Casual commentary about political, cultural and economic issues with a particular interest on the city of Winnipeg by John Dobbin
Wednesday, January 26, 2011
Walmart Supercenters Come to Winnipeg
It was inevitable once that Target made its announcement that Walmart would have to respond and fast. The supercenter format that they have only really used in Ontario so far will be unrolled to the rest of the country, Manitoba and Quebec first.
There will be some cheering this move while others will be horrified.
Competitive retailing should always be applauded. The winner is the consumer. What would the The Bay been without Eaton's over the years? Price and product were competed for by those department stores at every turn. Canadian consumers benefited.
When Walmart bought the tired Woolco stores in Canada, they created a competition on price on a wide variety of products. However, it has taken more than ten years for that competition to fully encompass food. Real Canadian Superstore has had a long time to get ready for this move. Safeway has taken a while longer to realize that price and size of their stores have to improve or they will lose market.
Few people remember that Grand Forks, North Dakota had an Albertson's grocery store in the Columbia Mall parking lot but that small format lost favour with the arrival of Walmart in that community.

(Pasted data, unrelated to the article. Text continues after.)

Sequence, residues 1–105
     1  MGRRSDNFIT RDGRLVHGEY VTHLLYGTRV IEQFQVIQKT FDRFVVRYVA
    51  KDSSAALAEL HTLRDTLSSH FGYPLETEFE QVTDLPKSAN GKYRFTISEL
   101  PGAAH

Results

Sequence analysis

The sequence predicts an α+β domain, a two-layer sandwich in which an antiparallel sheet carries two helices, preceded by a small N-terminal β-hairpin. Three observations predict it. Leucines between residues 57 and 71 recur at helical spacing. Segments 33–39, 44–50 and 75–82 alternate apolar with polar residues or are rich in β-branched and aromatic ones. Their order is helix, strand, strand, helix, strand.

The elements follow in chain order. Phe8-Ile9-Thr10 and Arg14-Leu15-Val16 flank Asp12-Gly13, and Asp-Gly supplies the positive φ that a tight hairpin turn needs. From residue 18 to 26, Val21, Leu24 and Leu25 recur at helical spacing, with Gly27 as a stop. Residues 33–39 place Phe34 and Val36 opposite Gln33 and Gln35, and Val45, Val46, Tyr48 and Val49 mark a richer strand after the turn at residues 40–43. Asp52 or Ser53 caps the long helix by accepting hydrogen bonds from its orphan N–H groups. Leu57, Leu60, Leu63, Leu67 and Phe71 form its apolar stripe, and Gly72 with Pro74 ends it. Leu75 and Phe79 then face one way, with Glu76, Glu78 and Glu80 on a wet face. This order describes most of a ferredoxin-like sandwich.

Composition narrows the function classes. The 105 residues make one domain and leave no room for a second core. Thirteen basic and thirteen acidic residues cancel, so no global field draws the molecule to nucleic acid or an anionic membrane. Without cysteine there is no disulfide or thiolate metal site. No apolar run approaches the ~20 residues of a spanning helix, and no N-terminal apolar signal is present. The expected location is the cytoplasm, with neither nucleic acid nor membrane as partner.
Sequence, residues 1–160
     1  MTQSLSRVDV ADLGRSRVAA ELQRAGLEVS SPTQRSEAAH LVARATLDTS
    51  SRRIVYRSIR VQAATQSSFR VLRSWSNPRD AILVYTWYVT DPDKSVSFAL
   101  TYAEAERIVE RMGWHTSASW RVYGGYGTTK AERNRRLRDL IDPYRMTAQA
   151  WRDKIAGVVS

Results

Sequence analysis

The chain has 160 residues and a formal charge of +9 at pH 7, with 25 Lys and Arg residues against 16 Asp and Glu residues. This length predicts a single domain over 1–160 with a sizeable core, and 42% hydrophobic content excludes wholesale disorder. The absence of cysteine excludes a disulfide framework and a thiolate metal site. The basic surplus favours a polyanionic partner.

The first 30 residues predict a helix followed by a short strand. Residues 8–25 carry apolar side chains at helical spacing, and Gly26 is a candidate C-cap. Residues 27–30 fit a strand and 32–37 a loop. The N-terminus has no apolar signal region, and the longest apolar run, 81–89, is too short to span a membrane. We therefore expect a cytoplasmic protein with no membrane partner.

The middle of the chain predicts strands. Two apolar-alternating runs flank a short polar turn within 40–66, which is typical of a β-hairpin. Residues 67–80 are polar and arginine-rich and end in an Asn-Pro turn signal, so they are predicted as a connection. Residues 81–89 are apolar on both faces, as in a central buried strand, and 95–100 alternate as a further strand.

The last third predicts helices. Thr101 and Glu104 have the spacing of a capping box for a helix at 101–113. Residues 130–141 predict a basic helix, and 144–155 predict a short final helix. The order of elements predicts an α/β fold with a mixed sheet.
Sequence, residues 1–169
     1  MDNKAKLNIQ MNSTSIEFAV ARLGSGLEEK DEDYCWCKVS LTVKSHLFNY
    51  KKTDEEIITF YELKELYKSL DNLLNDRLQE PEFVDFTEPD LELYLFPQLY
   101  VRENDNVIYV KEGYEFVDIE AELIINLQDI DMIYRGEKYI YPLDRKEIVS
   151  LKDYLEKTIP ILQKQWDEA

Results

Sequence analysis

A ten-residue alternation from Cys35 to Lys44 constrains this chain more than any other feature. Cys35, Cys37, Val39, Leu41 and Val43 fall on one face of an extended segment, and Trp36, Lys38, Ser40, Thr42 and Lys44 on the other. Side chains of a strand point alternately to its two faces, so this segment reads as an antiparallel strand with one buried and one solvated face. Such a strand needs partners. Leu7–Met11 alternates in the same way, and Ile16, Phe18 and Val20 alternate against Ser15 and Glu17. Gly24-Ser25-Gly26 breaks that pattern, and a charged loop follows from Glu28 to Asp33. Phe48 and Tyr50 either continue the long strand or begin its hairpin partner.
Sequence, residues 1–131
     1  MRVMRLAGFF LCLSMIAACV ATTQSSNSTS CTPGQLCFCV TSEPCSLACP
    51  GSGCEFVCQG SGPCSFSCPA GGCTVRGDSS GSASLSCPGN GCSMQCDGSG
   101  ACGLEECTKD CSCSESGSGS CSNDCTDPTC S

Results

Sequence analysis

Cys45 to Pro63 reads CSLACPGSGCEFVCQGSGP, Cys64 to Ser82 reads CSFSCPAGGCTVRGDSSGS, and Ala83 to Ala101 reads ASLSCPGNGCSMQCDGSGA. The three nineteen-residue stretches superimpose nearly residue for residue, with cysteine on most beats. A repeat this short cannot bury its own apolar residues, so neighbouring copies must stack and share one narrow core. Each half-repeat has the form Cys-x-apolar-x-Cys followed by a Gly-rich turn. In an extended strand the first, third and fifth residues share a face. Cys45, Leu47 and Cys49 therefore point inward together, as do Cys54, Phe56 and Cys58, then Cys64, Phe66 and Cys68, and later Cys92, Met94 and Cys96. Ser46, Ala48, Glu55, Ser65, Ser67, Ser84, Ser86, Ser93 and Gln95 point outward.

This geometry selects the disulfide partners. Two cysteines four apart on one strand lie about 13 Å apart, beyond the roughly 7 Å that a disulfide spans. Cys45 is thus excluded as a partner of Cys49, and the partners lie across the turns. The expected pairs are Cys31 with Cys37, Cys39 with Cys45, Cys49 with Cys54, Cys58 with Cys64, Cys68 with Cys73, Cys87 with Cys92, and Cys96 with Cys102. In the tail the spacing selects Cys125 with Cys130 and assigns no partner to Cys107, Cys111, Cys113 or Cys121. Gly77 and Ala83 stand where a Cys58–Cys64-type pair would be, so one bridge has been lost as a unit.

Walmart and Target are going to battle it out as they do all over the U.S. and only nimble Canadian companies will do well against them. And yes, it is possible to succeed even with that competition. If we look once more to Grand Forks, we see local and regional groceries holding their own such as Hugo's and Super One Foods.
Cheers to the competition we can expect in the next while on price and product.
Okay, so now that we are done cheering, let's address the horrors aspect that other people are likely to focus on.
Some of the biggest complaints will be how the large size of the stores contributes to sprawl. From a local perspective this is starting to be a big problem as municipal services are continued to be stretched to the limit. The lower prices at these superstores has to be measured against how much extra tax might end up being paid to pay for roads. I don't know that we have ever really addressed in a meaningful way.
Still, the emergence of the superstores in Winnipeg appears to be more of an expansion of the footprint of the stores rather than a move to further out into the suburbs.
While the issue of sprawl and Walmart cannot be denied, the expansion of the present stores is a harder case to hang one's hat in opposition.
Generally, the arguments against Walmart supercenters is a more generalized one. The issue of employment standards, foreign products, quality and the like is where some naysayers have legitimate arguments.
Choice and price usually rule the day in Canada.
The battle of sprawl will part of a larger debate on car culture and land use that Canadians will only confront when costs become to difficult to ignore.
As an add on, the Free Pressreported that a company in Canada plans a factory outlet mall for the city. The story falls slightly short of an announcement that shovels are in the ground.
The factory outlet concept in the U.S. often places these mall outside a large city. One example is Albertville in Minnesota.
A few locations were mentioned within city limits for this development. I wouldn't be surprised if this mall is developed outside the city in a place such as Headingley.
If such a mall is to be built, it hard to argue that outside city limits would be better for Winnipeg.